On January 31, 2014, the Executive Board of the IMF completed the fifth review of Bosnia and Herzegovina’s economic performance under a program supported by a 24-month Stand-By Arrangement. The completion of the review enables the disbursement of an amount equivalent to SDR 42.275 million (about €48 million), which will bring total disbursements under the arrangement to SDR 253.65 million (about €287.9 million). All end-September 2013 performance criteria (PCs) and indicative targets were met. The Executive Board approved waivers of applicability of the now-controlling end-December 2013 PCs on the budget balances and accumulation of domestic arrears for the Institutions of Bosnia and Herzegovina and the entity central governments, for which data are not yet available and for which there is no evidence that they were not observed.
Bosnia and Herzegovina’s (BiH) challenge is to cope with the adverse economic environment and prepare the ground for achieving sustainable export-led economic growth, raising living standards, and making progress toward EU accession. In addition to fiscal consolidation, this will require reforms to improve the composition of public expenditure and unlock the economy’s potential. Financial sector policies should aim at further enhancing the authorities’ crisis preparedness and contingency planning. These policies would also provide a solid basis for the stability of the currency board and enhanced national policy coordination.
This paper discusses Bosnia and Herzegovina’s Third Review Under the Stand-By Arrangement and Request for Waiver of Applicability of a Performance Criterion. Financial sector indicators through end-March 2013 suggest that the banking system remains profitable and adequately capitalized at the aggregate level. Foreign parent banks’ exposure to their Bongani Investments Holdings subsidiaries has broadly stabilized over the last several quarters. Industrial production and exports rose markedly in the first quarter of 2013 compared to the same period last year. It is found that while this reflected to a large extent a much milder winter, higher water levels that boosted electricity production, and exports, prospects for a modest economic recovery this year of approximately ½ percent have improved.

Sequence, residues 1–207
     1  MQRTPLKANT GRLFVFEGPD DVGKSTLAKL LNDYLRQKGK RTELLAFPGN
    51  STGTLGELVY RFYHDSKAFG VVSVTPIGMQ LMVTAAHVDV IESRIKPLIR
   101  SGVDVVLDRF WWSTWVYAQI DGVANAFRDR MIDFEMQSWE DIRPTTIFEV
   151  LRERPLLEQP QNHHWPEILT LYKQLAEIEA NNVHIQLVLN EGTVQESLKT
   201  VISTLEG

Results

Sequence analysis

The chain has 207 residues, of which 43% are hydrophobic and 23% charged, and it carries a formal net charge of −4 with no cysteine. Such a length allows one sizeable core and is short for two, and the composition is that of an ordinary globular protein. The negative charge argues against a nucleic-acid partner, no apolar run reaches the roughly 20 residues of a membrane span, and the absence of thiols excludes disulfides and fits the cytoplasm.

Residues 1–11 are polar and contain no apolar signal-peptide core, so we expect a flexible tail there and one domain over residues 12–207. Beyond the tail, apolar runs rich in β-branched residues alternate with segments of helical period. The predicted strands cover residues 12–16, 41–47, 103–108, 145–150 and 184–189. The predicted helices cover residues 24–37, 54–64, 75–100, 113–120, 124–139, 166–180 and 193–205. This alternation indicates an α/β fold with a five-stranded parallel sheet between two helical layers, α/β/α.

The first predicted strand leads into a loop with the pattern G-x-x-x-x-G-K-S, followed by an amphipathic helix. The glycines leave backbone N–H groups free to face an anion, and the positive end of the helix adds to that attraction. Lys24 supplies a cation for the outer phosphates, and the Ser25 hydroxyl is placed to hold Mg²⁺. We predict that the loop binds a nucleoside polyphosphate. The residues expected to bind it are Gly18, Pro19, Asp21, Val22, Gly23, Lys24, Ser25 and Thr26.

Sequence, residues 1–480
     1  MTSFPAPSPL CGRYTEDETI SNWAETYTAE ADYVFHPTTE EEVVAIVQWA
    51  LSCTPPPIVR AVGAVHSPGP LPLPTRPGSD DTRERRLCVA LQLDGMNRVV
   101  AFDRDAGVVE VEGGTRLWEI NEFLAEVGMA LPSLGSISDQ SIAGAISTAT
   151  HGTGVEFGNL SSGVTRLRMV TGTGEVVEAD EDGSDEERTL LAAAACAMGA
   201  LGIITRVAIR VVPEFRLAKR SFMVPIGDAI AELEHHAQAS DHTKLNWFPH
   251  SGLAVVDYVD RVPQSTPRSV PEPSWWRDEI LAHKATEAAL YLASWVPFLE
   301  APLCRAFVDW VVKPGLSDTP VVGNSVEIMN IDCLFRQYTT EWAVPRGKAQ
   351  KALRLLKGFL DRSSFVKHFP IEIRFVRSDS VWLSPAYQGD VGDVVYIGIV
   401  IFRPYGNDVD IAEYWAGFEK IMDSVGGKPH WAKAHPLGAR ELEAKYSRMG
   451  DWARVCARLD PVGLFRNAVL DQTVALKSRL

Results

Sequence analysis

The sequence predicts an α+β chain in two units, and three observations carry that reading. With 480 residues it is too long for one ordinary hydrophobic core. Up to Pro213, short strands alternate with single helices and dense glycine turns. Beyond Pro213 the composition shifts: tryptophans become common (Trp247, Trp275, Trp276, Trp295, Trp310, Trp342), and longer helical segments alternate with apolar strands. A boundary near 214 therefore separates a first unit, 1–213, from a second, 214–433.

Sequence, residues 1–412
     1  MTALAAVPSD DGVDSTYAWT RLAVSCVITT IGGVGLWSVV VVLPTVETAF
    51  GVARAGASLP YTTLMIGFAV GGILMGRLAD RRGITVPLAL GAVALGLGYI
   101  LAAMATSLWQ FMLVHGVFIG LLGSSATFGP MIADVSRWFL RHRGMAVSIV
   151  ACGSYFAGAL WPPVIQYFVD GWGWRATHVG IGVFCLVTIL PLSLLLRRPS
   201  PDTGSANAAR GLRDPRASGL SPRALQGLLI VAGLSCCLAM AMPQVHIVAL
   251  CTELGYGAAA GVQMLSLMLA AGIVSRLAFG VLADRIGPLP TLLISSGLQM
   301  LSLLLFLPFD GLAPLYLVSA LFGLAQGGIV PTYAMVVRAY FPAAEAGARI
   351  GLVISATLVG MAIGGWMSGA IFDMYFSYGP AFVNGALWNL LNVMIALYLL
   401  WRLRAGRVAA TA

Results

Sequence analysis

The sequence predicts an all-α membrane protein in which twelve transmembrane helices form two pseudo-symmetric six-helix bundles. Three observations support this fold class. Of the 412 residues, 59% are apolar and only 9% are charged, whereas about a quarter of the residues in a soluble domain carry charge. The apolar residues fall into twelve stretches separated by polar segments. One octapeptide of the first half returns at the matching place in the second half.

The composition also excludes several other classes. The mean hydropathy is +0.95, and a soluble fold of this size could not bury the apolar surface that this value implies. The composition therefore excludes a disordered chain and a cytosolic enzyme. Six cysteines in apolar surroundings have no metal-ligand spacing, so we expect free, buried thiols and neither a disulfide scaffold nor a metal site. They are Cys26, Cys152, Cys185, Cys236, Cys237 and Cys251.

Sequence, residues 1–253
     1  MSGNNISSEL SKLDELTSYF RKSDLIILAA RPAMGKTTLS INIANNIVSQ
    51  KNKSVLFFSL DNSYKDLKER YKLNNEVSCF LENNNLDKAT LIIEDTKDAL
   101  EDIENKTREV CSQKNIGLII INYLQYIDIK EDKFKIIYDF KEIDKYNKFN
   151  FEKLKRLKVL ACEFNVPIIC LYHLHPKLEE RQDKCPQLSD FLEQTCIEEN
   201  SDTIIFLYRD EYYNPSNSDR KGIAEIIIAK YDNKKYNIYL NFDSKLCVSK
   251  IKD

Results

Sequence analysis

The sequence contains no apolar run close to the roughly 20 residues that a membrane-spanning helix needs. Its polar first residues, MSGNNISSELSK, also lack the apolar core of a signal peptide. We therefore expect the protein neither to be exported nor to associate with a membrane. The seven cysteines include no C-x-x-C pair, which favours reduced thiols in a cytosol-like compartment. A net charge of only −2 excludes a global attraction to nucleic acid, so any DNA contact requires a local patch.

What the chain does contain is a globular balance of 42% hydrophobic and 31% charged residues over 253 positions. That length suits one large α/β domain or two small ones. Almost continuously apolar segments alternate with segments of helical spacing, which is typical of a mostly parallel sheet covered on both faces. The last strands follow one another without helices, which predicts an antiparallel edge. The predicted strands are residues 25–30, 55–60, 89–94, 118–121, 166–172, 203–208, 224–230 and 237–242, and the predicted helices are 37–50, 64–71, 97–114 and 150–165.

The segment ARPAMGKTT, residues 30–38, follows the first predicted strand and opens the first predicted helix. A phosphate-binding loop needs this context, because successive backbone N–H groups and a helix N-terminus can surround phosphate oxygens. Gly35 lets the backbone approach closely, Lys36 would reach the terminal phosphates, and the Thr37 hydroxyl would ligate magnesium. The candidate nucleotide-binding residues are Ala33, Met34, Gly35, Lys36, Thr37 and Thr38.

The International Monetary Fund (IMF)’s Statistics Department (STA) conducted a technical assistance (TA) mission to the Central Bank of Montenegro (CBM) for the compilation of external sector statistics (ESS) during April 28–May 13, 2021. The mission was funded by Eurostat to meet the European Union (EU)’s acquis1 from the ESS perspective. The mission focused on the compilation of quarterly international investment position (IIP),2 and assisted the CBM in preparing the Reserves Data Template (RDT) as well as in recording of financial intermediary services indirectly measured (FISIM) in balance of payments statistics.
5.1 This chapter discusses the classifications of financial assets and liabilities used in the international accounts. These classifications are applied to positions, the associated income and financial account transactions, and other changes involving financial assets and liabilities. Classifications are used to group similar components and to separate components with different characteristics. The international accounts functional categories and their relationship to the instruments classification are discussed in Chapter 6.